SC FREIBURG II
Founded: May 30, 1904
Club Members: 35,000
Coach: Thomas Stamm
Captain: Philipp Treu
Regionalliga Südwest: 1
Landespokal Südbaden Winner: 1
SC Freiburg's U-23 team started out as 'SC Freiburg Amateure' and success of any kind has been a long time coming as they've spent the majority of their history as an unspectacular performer in the local amateur leagues. It wasn't until 1998 before they claimed their first honours - winning the fourth-tier Verbandsliga Südbaden which earned them promotion to the Oberliga Baden-Württemberg where they established themselves as a top-half of the table side over the next decade.
A Südbadischer Pokal (regional cup) win in 2001 saw them qualify for the first round of the national 2001-02 DFB-Pokal where they faced Bundesliga giants and eventual winners 1.FC Schalke 04 who prevailed with a narrow 1-0 win. In 2005, in accordance with an instruction from the DFL (German Football League) that all reserve sides of Bundesliga clubs had to replace 'Amateure ' with the Roman numeral 'II ', after becoming 'SC Freiburg II', the side won promotion to the Regionalliga Süd by claiming the Oberliga Baden-Württemberg title in 2008. They played at this level for four seasons before a league restructure saw them join clubs from the states of Baden-Württemberg, Hesse, Rhineland-Palatinate and Saarland in the new Regionalliga Südwest in 2012.
Building on a respectable seventh-place finish in the league's inaugural season, Freiburg II ended the 2013-14 campaign as runners-up but, having chosen not to apply for a 3.Liga licence, their place in the promotion play-offs was taken instead by 1.FSV Mainz 05 II who secured their place in the third-tier by beating Regionalliga Nordost champions TSG Neustrelitz 5-1 on aggregate.
Back in the Black Forest however, performances had begun to tail off and Freiburg II dropped into the Oberliga Baden-Württemberg in 2016 before immediately bouncing back the following season by winning the title. After four seasons in the fourth-tier, Freiburg II won promotion to the 3.Liga for the first time after a 1-1 draw at SV Elversberg secured the Regionalliga Südwest title in 2020-21.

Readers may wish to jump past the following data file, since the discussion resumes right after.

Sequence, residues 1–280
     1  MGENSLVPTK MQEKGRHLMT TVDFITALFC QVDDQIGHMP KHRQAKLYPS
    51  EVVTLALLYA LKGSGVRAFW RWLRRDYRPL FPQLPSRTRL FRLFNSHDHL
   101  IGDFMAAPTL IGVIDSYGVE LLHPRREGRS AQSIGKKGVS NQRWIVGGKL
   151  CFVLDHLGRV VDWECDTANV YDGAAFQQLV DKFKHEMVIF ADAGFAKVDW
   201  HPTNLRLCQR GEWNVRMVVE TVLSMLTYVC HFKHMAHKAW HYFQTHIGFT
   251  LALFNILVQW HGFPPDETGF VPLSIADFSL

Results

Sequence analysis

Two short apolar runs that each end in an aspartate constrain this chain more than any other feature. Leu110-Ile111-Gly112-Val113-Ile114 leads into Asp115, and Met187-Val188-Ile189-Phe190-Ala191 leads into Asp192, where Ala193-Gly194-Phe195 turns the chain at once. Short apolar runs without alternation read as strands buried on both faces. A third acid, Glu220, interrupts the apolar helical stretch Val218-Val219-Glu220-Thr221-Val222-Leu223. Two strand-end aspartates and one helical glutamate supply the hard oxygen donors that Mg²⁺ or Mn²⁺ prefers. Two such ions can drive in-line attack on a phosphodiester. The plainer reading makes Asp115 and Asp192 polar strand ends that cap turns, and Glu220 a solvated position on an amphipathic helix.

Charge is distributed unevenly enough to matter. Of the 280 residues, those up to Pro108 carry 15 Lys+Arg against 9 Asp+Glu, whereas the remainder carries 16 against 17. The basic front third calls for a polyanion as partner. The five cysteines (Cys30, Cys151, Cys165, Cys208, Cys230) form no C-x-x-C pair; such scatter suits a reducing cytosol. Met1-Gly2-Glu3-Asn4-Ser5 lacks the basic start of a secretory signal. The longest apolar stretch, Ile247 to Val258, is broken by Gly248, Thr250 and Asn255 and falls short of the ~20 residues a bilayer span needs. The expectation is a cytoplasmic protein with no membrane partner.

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Ground Name: Dreisamstadion
Year Opened: 1954
Capacity: 24,000 (10,000 standing)
Wheelchair Spaces: 57
Undersoil Heating: Yes
Running Track: No
Floodlights: 1,200 lux
Playing Surface: Natural Grass
Pitch Size: 100m x 68m
Winterer Stadion (1928 - 1936)
SC Platz (1954 - 1967)
Dreisamstadion (1967 - 2004) *
Badenova Stadion (2004 - 2011) *
MAGE Solar Stadion (2011 - 2014) *
Schwarzwald Stadion (2014 - 2021) *
Dreisamstadion (2021 - ) *
* Stadium Renamed
Following their promotion to the 3.Liga last season, SC Freiburg II left their Möslestadion home and moved into the Dreisamstadion and became sole occupants when the club's senior squad made their own much-delayed move to the new Europa Park Stadion.
With its riverside setting in a quiet residential area, the Dreisamstadion has been SC Freiburg's home since 1954 when it opened as SC Platz; and the patchwork nature of its development over the years and dramatic forest backdrop gives the ground some real character.
Long before 'stadium naming rights' became part and parcel of football, the ground was known for many years as the Dreisamstadion after the river that runs behind it, and it wasn't until 1970 that it saw its first expansion with the construction of the Sudtribune (South Stand). Following the club's promotion to Bundesliga.2, the Haupttribune (Main Stand) was built in 1980 and the addition of its 1800 seats brought the overall stadium capacity up to 15,000. Further works saw renovation and expansion of the Nord and Sud Tribunes (North and South Stands) as the stadium played catch-up with the club's continued on-field success.